On October 2, twenty-five Maine legislators, including many members of the Maine Legislative Sportsmen’s Caucus participated in Land for Maine’s Future’s Tour for State Legislators.
Caucus Co-Chair Representative Martin Grohman and Caucus Member Representative Patrick Corey were instrumental in organizing the event, which was held in the Sebago Lake Region.
Throughout the day, participants toured various properties that were conserved with the assistance of funds from Land for Maine’s Future, which provided a first-hand look at the benefits of this conservation program. One site was Hancock Lumber’s Jugtown Forest, a 5,000-acre working forest that provides access for hunting and fishing, among other recreational activities.
While at the Forest, Congressional Sportsmen’s Foundation (CSF) Senior Director of Northeastern States Brent Miller provided a discussion on the importance of ensuring access for hunting and fishing. Miller touched on the trends in license sales and conservation funding in recent years, and reported on several scientific studies that stress the importance of access for recruitment, retention, and reactivation of sportsmen and women. Included in this discussion was a delineation of temporal versus spatial access, which led to a conversation on the benefits of Sunday hunting as a measure to improve temporal access in the state.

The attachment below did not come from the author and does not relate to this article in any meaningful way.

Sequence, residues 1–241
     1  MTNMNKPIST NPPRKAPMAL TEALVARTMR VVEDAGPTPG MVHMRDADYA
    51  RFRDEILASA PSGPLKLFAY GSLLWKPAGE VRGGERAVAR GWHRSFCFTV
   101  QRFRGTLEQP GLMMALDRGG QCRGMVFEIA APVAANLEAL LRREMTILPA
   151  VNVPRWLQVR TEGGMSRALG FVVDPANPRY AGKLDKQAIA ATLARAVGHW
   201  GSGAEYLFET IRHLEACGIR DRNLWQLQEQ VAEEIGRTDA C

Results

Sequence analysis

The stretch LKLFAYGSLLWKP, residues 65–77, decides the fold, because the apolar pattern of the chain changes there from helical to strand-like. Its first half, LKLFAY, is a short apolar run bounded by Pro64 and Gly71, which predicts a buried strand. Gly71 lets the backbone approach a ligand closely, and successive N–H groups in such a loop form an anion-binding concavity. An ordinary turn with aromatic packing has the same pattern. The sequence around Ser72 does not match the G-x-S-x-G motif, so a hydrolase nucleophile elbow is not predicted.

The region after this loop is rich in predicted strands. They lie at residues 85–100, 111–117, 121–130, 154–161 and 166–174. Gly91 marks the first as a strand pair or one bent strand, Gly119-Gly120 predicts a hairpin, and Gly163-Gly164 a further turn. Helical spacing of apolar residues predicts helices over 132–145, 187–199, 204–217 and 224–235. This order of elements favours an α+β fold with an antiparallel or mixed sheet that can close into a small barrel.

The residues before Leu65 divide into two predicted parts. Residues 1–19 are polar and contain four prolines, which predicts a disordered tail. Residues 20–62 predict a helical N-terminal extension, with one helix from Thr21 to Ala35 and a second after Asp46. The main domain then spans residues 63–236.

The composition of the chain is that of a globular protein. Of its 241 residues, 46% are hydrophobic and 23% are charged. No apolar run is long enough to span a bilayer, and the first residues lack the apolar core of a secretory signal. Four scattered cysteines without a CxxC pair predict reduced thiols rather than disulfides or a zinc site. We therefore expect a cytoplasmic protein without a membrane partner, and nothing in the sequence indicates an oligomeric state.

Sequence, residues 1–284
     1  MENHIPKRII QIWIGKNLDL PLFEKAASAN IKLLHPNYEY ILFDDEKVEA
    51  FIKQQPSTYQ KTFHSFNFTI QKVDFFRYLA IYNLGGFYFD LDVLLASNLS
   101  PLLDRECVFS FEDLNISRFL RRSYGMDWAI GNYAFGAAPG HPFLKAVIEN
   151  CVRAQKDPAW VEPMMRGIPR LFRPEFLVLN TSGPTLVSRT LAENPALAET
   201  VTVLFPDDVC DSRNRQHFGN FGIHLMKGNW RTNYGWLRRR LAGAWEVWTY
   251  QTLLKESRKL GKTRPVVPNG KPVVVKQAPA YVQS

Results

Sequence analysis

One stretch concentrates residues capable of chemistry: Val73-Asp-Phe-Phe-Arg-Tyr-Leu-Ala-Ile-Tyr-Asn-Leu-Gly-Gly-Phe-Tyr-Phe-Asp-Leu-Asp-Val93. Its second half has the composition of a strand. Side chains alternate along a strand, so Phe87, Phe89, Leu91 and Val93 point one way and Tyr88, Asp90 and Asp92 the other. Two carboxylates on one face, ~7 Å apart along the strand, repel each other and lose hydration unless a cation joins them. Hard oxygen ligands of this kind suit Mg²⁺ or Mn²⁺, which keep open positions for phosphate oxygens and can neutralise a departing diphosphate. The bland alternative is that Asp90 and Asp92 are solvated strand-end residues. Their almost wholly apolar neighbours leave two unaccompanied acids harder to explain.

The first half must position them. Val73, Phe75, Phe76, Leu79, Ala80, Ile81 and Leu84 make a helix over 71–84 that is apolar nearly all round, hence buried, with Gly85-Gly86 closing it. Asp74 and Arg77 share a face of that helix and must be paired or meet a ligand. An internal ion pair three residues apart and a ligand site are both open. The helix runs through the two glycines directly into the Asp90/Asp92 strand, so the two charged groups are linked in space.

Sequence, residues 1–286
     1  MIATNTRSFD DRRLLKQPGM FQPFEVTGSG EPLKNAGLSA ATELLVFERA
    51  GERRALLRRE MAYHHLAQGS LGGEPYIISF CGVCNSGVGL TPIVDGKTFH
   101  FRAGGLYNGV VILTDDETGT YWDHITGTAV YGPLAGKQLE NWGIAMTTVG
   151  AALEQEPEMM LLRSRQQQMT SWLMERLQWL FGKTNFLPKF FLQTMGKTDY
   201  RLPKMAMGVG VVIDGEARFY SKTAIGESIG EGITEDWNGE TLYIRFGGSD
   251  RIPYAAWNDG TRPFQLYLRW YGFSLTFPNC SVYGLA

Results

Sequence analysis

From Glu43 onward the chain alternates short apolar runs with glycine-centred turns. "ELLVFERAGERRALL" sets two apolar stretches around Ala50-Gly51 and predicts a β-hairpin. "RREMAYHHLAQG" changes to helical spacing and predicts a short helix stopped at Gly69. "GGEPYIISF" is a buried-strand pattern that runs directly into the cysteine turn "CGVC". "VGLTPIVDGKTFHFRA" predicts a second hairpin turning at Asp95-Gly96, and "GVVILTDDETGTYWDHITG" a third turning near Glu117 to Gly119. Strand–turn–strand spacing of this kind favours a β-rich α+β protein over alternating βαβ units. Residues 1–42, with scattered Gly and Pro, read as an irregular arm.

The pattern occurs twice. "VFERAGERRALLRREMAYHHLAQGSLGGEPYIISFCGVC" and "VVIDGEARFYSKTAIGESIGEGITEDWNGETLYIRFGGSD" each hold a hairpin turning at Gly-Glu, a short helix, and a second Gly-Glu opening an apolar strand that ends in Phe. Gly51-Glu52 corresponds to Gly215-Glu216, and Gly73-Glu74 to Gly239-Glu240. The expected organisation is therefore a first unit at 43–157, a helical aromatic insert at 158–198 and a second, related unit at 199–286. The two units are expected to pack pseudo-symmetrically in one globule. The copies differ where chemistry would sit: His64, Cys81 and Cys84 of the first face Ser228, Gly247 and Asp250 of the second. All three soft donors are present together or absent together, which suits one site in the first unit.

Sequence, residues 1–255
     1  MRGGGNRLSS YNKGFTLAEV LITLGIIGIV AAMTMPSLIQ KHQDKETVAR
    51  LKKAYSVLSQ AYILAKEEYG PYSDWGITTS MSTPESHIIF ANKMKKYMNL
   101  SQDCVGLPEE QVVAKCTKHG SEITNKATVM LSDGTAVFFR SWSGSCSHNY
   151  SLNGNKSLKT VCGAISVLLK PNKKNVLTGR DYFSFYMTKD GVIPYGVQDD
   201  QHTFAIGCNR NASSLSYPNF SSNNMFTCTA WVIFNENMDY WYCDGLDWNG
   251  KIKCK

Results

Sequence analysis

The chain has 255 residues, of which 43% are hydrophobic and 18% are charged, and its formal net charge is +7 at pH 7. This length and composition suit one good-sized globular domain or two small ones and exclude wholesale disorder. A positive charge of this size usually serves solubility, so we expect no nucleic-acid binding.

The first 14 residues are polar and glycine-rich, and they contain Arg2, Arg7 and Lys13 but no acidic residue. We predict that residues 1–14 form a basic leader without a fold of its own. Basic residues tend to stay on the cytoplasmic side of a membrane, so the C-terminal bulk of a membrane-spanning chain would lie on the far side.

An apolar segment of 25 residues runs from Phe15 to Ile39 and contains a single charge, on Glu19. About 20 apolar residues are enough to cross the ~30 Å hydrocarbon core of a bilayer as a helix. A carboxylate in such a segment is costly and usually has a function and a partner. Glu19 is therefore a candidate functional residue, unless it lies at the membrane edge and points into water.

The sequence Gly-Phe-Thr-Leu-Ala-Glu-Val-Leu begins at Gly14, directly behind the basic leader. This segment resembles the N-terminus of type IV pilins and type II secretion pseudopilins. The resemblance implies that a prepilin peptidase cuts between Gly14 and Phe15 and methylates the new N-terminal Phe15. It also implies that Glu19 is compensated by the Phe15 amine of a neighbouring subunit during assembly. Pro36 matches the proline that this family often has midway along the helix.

Studies conducted at both the state and federal level have found that the number of hunters and trappers have been on a generally declining trend over the past several decades. To increase recruitment, retention, and reactivation (R3) of hunters and trappers, which initiative do you think would have the greatest impact?